Excited about this extraordinary request we reached into our magic bag of CGI tricks, lifted the  door and settled on parking this sweet Maserati Bora inside the garage. See the process in the video here:

After a successful collaboration process, we’re all happy with the atmospheric result.

Photographer: Nick Meek CGI Artists: Kristian Turner Post Artist: Maria Luisa Calosso

 

Red Car, Red Room

We were so happy with how the Maserati turned out that we wanted to work with it some more. A CGI group challenge, themed on “Red Car, Red Room” was the perfect place to take the car out of the garage and reveal it in all its glory. Take a closer look at the exotic and gorgeous Maserati Bora in detail here.

Maserati Bora CGI

Crop detail of the gold trim:

Maserati Bora CGI (crop)

 

Software:
Autodesk Maya
Chaos Group V-Ray
Adobe Photoshop

Credits: Tokyo Garage
Photographer: Nick Meek
CGI Artist: Kristian Turner / Recom Farmhouse
Post Artist: Maria Luisa Calosso, Kate Brown / Recom Farmhouse

Credits: Red Car Red Room
CGI Artist: Kristian Turner / Recom Farmhouse
Post Artist: Pêpe Alram / Recom Farmhouse

100% – Porsche Panamera

We relished the challenge of creating this CGI Porsche Panamera in the rain for a campaign from Kemper Kommmunikation with photographer Erik Chmil.

Here’s a look into how we made it. There’s a selection of 100% crops to zoom in on the details, and a video where you can feast your eyes on the perfectly rendered raindrops on the CGI Porsche.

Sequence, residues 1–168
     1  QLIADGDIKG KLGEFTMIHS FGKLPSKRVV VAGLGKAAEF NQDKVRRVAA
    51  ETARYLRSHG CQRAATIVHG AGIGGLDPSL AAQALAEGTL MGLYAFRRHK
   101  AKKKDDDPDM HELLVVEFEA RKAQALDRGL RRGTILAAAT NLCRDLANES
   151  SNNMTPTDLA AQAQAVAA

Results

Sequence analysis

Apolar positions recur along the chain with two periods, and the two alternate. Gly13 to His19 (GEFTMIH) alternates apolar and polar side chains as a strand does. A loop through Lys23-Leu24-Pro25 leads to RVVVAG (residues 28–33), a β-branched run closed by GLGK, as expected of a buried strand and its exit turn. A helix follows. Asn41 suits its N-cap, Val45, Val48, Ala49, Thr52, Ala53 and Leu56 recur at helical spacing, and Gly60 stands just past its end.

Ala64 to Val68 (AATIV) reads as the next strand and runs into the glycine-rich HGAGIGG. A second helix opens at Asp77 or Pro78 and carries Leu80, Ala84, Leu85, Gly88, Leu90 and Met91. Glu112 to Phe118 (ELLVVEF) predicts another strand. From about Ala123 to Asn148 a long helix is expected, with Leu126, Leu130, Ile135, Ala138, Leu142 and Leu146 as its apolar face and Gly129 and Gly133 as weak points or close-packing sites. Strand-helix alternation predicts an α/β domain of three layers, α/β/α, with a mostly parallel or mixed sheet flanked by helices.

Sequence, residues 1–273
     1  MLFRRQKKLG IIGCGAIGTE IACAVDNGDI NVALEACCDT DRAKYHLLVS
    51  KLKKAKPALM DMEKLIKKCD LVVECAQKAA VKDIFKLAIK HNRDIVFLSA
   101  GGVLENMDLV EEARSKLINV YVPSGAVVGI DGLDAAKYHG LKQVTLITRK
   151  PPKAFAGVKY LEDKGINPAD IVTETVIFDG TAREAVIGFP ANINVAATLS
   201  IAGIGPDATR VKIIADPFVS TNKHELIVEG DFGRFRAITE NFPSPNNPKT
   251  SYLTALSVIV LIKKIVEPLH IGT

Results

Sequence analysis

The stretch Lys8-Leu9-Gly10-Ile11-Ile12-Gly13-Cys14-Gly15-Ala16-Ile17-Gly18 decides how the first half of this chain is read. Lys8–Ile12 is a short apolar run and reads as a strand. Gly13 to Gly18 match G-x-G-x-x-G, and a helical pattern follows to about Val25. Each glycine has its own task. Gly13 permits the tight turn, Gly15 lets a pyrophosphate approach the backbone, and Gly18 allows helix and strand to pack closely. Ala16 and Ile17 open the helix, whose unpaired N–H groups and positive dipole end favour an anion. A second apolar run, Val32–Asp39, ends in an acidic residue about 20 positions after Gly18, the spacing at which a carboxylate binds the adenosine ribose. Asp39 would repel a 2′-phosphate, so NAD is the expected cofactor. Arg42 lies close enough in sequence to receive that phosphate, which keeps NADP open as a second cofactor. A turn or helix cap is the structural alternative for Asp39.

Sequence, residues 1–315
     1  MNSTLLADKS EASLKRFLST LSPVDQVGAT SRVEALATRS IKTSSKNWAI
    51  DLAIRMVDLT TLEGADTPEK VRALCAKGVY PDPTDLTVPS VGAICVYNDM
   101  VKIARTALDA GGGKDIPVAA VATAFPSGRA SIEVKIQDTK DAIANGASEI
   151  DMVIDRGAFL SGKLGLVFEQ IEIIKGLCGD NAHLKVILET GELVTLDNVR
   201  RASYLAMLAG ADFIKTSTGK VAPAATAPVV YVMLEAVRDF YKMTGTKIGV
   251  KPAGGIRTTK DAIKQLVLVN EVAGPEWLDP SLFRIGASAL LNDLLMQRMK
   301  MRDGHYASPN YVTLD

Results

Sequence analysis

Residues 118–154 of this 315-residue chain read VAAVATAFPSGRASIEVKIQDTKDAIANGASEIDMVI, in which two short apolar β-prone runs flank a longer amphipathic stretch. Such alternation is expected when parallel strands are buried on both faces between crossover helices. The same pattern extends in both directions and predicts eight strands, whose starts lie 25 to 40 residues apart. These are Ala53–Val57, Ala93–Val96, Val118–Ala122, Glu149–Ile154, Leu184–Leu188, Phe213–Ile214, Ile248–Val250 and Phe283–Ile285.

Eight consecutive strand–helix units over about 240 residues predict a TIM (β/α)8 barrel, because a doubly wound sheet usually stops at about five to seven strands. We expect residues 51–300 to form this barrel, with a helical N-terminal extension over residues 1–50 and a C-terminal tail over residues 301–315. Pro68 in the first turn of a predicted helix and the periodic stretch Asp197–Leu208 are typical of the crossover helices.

We used Autodesk VRED to make the car. This execution, with its intricate raindrops, was particularly interesting. The finished image (above) is packed with finely observed details.

As always, the CGI process is grounded in observations of reality. CGI artist Ivo Stanev spent time studying the interaction between the raindrops and the surface of the car. The water acts like hundreds of tiny lenses and we found the best way to light them was to use high resolution HDRI spheres.

crop4_lights

Due to their hemisphere shape, formed as the round drops hit a flat surface, the raindrops catch light from the many sources in a night scene like this- street lamps, headlights, windows and so on.  This is what makes them sparkle.

crop2_lights

Mapping techniques:
To do this, we used high-resolution rain textures with displacement mapping. However, because we wanted to be flexible it was important to react quickly to changes, so we used both triplanar and UV mapping (the process of projecting a 2D image to a 3D model’s surface for texture mapping )

Working with triplanar mapping gives us flexibility because we can easily change the form of the raindrops,  especially as the CGI modelled Porsche has High Density Geometry. A good example is the windshield, where UV mapping allowed is to model windscreen wipers with a specific movement. For the rest of the car we used triplanar mapping for flexibility.

It was important for us to show the effect of the wind, changing the shape of the raindrops as they move along the surface of the car’s body.

crop1_roof

Also some elements are not as simple to add as you might imagine! We wanted moving, blurred windscreen wipers of course…so we carefully painted where and how the raindrops moved, depending on the motion of the windscreen wipers.

crop1_screen

The rendering took a lot of time as well – we used full Global Illumination with a lot of samples…and of course only one HDRI sphere wasn’t enough, so we had to use two or three of them.

We are really pleased with the end result – the painstaking work paid off beautifully.

16-09_2015_porsche-aviator_mot33b_07a_korn

Fly though the details in our video here…

Client: Porsche
Agency: Kemper Kommmunikation
Photographer: Erik Chmil
Creative Director: Nadine Kubis
Post-Artist: Thomas Fritz / Recom Stuttgart
CGI Artist: Eugen Albrandt / Recom Stuttgart
CGI Artist: Ivo Stanev / Recom Stuttgart